Like so many parents this year, to say our family is adjusting to a new way of life would be a massive understatement. Both my wife Jenny and I work full-time, and I’ve gotta admit, it can sometimes make being a full-time parent (our most important jobs) challenging. Meetings are now taken from the kitchen table, often interrupted by at least one photobomb from my youngest son. Time seems irrelevant. The Zoom fatigue is real, and I’ve traded adult conversations over beers, for Star Wars conversations over mac and cheese. Yet, I’d be remiss if I didn’t acknowledge how grateful I am to be in a position where everyone in my family is together, healthy, and safe. As some adjustments start to wear on me, I’m finding that others are giving me a new perspective. Life’s been put on hold for a while and I’m here for it.

Being outside in nature is something that I grew up loving, and today it’s still my favorite way to spend time with my family. As the son of a geologist, I developed an unwavering appreciation for nature and the outdoors at a young age. Some of my earliest memories are of my parents, my sister, and me piling into our baby blue station wagon and visiting the National Parks, spending as much time together on the trail as possible.

Yet somehow, somewhere, this simple, back-to-basics, and down to earth (literally), outdoor family time has been replaced with lavish birthday parties, overly competitive team sports, and excessive screen time. Then 2020 came along, and with it, a really big secret I’ve been keeping: many of the adjustments we’re making this year have been softened by the silent satisfaction I feel every time we’ve been forced to put plans on hold.

Another canceled birthday party? “Oh darn.” Rescheduled baseball practice? “Oh well.” Postponed recitals? “There’s always next year!” I find myself not only breathing a sigh of relief but delighted in my contentment of these canceled plans. My 10-going on 16-year-old daughter later explained to me that “…it’s called JOMO, Daaaaaaadddddd….” (aka, the joy of missing out).

For me, time spent outdoors with my family is and always has been quality time in its purest form. Even when I’m not working, as CEO of a leading health & wellness platform I often catch myself physically in the presence of my family but mentally focused on work. Now, as I find myself with more time to commit to my family, we’ve made a point to get outside together at least once a day. Sometimes it’s just a walk or quick bike ride around the neighborhood. Other times we have enough flexibility to hit the trail for a family hike. Slowly but surely, as we rack up the miles, it’s become apparent to me that time spent together on the trail is drastically different from time spent together indoors. I’m not a doctor, but something about getting your blood pumping outdoors with your tribe does incredible things for bonding, morale, and overall happiness. The sibling fights stop. The conversations start. Questions are asked. Curiosity is at an all-time high. We’re mentally and physically recharged. We’re connected. We’re a team.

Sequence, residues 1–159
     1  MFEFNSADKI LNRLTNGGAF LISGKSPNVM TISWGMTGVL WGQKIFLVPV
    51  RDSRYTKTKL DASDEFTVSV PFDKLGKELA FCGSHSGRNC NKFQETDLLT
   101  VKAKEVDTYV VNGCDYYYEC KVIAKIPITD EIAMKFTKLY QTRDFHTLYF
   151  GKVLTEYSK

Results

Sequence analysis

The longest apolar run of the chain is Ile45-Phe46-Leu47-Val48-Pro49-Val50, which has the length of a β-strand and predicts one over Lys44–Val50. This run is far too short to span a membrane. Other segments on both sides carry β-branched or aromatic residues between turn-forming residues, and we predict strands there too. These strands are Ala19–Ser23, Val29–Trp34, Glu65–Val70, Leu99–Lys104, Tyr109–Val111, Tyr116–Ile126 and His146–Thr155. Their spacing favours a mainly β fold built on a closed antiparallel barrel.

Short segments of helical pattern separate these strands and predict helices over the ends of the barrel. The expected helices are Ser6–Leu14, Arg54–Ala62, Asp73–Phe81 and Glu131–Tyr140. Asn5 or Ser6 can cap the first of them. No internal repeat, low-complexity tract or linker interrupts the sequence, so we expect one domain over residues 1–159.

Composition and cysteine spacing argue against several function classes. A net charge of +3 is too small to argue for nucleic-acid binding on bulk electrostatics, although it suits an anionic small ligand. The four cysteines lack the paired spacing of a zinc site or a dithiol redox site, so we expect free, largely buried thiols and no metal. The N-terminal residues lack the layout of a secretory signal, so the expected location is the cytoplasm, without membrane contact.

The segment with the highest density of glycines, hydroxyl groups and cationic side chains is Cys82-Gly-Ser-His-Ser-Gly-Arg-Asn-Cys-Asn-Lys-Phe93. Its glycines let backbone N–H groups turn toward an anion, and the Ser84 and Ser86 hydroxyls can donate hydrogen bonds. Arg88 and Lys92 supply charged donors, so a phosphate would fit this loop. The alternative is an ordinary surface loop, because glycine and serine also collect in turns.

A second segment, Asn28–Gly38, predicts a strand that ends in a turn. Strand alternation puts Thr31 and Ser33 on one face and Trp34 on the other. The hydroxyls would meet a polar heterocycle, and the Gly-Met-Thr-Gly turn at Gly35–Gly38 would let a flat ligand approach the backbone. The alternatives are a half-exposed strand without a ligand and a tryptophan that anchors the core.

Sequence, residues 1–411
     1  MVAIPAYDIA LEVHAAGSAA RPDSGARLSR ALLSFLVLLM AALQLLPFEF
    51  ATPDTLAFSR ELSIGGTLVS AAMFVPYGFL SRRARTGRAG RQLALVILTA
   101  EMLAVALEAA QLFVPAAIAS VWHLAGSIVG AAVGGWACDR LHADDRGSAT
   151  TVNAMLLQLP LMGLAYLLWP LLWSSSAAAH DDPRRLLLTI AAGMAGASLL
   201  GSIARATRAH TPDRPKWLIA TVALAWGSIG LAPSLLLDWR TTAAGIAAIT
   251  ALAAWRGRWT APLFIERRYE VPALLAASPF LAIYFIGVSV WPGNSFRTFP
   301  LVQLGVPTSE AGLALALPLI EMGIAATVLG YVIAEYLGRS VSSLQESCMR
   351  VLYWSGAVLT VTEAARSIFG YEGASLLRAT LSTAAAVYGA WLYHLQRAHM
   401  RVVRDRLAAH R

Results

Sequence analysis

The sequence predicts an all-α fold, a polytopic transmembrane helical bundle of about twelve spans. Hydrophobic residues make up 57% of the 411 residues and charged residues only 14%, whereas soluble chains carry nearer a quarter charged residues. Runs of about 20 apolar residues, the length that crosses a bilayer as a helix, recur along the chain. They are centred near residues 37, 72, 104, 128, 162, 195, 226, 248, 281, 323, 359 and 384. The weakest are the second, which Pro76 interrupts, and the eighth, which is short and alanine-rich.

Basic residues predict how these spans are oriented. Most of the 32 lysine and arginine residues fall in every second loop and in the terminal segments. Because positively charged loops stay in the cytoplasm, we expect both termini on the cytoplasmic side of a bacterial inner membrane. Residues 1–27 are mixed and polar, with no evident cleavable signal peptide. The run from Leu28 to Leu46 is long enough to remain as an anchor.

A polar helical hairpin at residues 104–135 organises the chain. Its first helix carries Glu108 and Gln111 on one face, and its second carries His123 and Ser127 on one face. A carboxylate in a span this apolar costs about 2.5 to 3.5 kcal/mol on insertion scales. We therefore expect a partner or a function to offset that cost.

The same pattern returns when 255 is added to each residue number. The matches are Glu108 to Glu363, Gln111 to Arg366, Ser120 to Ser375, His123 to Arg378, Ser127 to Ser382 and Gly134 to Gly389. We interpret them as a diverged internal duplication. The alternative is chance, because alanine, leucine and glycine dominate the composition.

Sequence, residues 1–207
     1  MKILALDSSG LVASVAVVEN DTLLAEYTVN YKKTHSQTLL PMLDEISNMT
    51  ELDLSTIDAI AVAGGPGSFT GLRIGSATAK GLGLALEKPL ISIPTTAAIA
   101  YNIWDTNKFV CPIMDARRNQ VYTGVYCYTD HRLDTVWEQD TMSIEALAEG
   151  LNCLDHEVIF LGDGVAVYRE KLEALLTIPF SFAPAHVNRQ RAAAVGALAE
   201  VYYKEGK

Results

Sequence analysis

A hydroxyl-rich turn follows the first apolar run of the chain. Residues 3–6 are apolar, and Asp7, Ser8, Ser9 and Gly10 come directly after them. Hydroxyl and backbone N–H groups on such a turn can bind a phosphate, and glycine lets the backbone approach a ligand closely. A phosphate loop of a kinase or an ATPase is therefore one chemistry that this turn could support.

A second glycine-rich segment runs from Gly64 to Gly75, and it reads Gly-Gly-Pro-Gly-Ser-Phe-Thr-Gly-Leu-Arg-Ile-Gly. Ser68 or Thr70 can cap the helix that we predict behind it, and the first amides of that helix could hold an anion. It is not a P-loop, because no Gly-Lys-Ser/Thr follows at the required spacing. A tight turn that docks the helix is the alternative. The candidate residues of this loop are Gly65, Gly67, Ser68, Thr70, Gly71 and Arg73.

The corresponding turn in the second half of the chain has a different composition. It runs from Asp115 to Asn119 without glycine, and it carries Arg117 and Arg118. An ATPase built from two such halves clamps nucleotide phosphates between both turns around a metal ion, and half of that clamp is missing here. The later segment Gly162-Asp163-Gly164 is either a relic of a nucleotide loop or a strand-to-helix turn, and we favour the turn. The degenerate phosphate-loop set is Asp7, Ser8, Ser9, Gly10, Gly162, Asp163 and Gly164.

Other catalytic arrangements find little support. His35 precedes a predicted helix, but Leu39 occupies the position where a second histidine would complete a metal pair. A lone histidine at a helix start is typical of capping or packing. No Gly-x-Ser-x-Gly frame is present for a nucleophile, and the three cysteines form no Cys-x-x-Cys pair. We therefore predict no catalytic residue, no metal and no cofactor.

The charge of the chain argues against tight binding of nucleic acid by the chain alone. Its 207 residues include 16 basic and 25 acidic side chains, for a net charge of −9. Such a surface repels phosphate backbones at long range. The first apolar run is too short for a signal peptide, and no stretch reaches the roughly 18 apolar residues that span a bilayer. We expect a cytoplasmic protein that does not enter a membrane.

Even when Jenny and I were stressed about homeschooling, I quickly realized that my kids were learning things they could have never learned from a book, absorbing life lessons that are molding them for the future, all while getting dirty on the trail. I personally do my best thinking while outdoors, but to watch lightbulb after lightbulb go off in each of my kiddo’s brains as they overturn rocks, race up hills, and play hot lava has been one of my most rewarding parenting moments to date. I’ve always wanted to make sure that the wild places that shaped me are still here to continue teaching and be appreciated by my children. Now, I’m watching this desire unfold as my kids step up, learn to appreciate our planet, experience her beauty, and develop a renewed sense of protecting our environment.

Time may seem irrelevant right now, but ironically, it’s the gift of time that’s helped me stop and appreciate the little things – the truly important things. During such an unprecedented period, it’s necessary that we come together as a community, look outside of ourselves, and help impart change. Yet, amongst all the anxiety and angst, I’m thankful for even the chaotic moments that I share with my personal Schneidermann community of five. As we start to adjust to whatever our new normal will be, I’m taking a new and improved outlook on the mental and physical health of my family with me. I’m not sure what the rest of the year will hold; none of us are. But you better believe, I’ll be taking my time. Bring on the JOMO.